Maximising Africa's Natural Resources in the Global Energy Transition

Republic of Congo stakes its claim as gas exporter

The Republic of Congo is the fourth largest Sub-Saharan producer of oil

The Republic of Congo is the fourth largest Sub-Saharan producer of oil, with an output of 277,000 bopd in 2015. Its proven oil reserves amounted to 1.6 billion barrels in 2015, with a reserves-to-production ratio of 15.8 per cent.

The prospects for the nation are improving largely thanks to Total E&P Congo’s Moho Nord project. The USD 10-billion Moho Nord project, the largest oil project in the country’s history, was launched in 2013 and has the potential to increase Congo’s production by 50 per cent to a total of 140,000 bopd. Targeted reservoirs amount to 700 million boe.
After becoming a significant oil producer in the mid-1970s, Congo (Brazzaville) is now the fourth largest in sub-Saharan Africa. Most of the fields in current production are in coastal waters. The average quality of oil output has improved over the years, aided by the coming on-stream of Elf’s deep-water Nkossa field. The bulk of oil production is exported.
Total started up production from the Moho Nord deep offshore project, located 75 kilometres offshore Pointe-Noire in the Republic of the Congo, early last year. Operated by the group, the project has a production capacity of 100,000 barrels of oil equivalent per day. Moho Nord is the biggest oil development to date in the Republic of the Congo,” Arnaud Breuillac, president, exploration and production at Total, said. “A showcase for Total’s deep offshore operational excellence, it consolidates our leading position in Africa. Moho Nord will contribute to the reinforcement of the cash flow of the group and to its production growth.”
The Moho Nord field is developed through 34 wells tied back to a new tension leg platform, the first for Total in Africa, and to Likouf, a new floating production unit. The oil is processed on Likouf and then exported by pipeline to the Djeno onshore terminal, also operated by Total.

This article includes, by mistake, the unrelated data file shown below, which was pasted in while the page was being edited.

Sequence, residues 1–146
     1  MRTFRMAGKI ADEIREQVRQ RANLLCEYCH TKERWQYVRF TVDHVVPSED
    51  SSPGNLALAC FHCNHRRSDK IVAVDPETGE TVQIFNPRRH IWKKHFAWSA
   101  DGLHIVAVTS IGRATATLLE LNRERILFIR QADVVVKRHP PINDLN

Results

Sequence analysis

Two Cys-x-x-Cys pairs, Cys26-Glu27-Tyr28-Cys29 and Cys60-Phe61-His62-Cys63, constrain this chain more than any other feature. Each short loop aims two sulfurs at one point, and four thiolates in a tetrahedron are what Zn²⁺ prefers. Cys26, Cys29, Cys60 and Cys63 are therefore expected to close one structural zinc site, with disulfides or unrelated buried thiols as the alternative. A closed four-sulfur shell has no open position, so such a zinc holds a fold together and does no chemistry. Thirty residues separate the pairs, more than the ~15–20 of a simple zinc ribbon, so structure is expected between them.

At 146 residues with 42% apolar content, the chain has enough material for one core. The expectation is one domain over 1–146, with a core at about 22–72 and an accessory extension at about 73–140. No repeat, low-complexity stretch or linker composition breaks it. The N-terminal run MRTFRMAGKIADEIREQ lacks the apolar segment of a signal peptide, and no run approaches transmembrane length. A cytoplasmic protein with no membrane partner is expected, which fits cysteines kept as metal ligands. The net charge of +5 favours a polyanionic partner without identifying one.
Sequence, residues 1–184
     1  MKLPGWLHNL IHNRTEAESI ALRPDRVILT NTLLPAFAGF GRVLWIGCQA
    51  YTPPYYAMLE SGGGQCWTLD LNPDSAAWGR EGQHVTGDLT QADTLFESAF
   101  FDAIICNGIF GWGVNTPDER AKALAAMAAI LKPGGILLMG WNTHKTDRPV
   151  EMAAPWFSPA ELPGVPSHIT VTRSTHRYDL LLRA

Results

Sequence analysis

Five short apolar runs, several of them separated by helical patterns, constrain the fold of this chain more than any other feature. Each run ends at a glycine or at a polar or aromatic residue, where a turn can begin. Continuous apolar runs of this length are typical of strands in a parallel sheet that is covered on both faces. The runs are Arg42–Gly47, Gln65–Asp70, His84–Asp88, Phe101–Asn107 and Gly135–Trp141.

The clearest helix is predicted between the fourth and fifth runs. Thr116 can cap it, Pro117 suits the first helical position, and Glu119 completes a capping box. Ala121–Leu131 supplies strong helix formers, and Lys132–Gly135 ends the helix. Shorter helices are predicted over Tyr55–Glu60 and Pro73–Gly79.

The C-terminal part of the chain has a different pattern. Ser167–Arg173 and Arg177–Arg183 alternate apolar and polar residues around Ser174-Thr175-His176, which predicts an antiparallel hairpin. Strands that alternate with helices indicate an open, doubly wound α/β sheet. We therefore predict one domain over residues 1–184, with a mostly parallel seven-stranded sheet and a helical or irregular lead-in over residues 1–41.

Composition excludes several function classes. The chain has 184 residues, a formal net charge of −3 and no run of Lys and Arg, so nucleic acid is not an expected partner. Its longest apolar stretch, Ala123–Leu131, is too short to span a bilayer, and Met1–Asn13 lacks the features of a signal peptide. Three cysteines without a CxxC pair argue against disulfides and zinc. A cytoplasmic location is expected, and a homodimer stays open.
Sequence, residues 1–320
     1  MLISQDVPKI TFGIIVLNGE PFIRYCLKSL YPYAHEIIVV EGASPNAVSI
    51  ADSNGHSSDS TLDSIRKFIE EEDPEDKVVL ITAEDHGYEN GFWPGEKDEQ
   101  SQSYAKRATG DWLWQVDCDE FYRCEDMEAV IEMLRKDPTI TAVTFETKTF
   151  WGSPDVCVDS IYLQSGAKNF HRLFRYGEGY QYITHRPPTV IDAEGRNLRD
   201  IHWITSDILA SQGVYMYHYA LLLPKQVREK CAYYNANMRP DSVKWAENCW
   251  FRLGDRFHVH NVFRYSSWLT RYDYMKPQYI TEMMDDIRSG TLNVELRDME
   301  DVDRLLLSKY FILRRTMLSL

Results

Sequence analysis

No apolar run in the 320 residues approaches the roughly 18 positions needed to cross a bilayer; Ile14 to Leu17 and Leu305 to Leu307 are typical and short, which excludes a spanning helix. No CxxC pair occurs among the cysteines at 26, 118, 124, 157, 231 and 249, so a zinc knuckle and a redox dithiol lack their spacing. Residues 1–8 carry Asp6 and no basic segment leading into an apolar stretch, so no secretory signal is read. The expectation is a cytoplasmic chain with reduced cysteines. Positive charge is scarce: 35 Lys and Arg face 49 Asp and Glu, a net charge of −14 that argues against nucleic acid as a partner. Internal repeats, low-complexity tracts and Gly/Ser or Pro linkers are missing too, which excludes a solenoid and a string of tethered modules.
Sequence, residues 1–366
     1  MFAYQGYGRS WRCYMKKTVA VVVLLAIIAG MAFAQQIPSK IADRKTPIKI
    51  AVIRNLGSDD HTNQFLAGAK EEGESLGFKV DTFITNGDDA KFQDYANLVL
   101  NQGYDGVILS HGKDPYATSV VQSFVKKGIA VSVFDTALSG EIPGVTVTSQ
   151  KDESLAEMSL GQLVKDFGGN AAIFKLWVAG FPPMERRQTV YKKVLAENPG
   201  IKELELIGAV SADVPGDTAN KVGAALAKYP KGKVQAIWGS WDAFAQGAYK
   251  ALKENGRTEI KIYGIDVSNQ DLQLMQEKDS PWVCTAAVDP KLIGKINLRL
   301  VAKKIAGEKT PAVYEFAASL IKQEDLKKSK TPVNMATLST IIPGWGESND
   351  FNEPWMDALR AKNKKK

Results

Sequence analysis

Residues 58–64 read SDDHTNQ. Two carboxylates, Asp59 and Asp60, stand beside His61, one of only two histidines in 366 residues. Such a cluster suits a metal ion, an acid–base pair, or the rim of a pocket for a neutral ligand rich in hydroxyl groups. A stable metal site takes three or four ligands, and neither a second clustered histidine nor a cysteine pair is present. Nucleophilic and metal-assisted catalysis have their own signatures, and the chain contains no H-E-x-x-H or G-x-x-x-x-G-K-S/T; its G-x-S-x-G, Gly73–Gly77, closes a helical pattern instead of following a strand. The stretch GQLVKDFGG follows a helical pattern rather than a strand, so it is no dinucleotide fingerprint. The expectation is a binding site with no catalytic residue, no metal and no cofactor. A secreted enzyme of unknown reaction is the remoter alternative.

The facilities are designed to minimise their environmental footprint. There will be no routine flaring and the all-electric design improves energy efficiency by optimising the amount of power needed to run the installations. All the produced water will be reinjected into the reservoir. Total is the operator of the project with a 53.5 per cent interest. Its partners are Chevron Overseas (Congo) Limited (31.5 per cent) and Société Nationale des Pétroles du Congo (15 per cent).
But exploration and production in the nation is not only the domain of the oil and gas majors, the independents play a key role in developing the resources. One such company is Anglo African Oil & Gas (AAOG) who made a significant step in its exploration in the Republic of Congo when it spudded the TLP-103 well on the Tilapia oil field in mid-August.  David Sefton, executive chairman at AAOG explained that unlike the larger Democratic of Congo to the south, the Republic of Congo is a good place to work. “It is the old French Congo, now the Republic of Congo, is just to the north of the Democratic Republic of Congo,” Sefton, commented. “It's only about five million people in a country the size of France. It is stable, decent croissants in the mornings, very French. Sometimes it's called Congo B, Brazzaville where Congo K, Kinshasa, the south side of the river is a little more challenging place.
“It's the oldest producing country in West Africa, so they have been going for a long time there. Currently dominated by, as you might expect, the French oil companies. Total is the biggest in that country. It has huge investments there. ENI, number two. It's the same kind of gulf that runs all the way up the coast of Cote'd Ivoire and, Nigeria.”
AAOG expect the Tilapia well to be drilled to an intended total depth of 2,700 metres with completion expected later this year. The well targets multiple horizons including the shallow R1/R2 sands that are already producing at Tilapia; an undeveloped discovery in the lower Mengo sands; and a deeper exploration prospect in the Djeno interval from which the adjacent Minsala field produces at a rate of 5,000 bopd. Depending on results from these three horizons, the well may also be extended down to test the Vanji Horizon.

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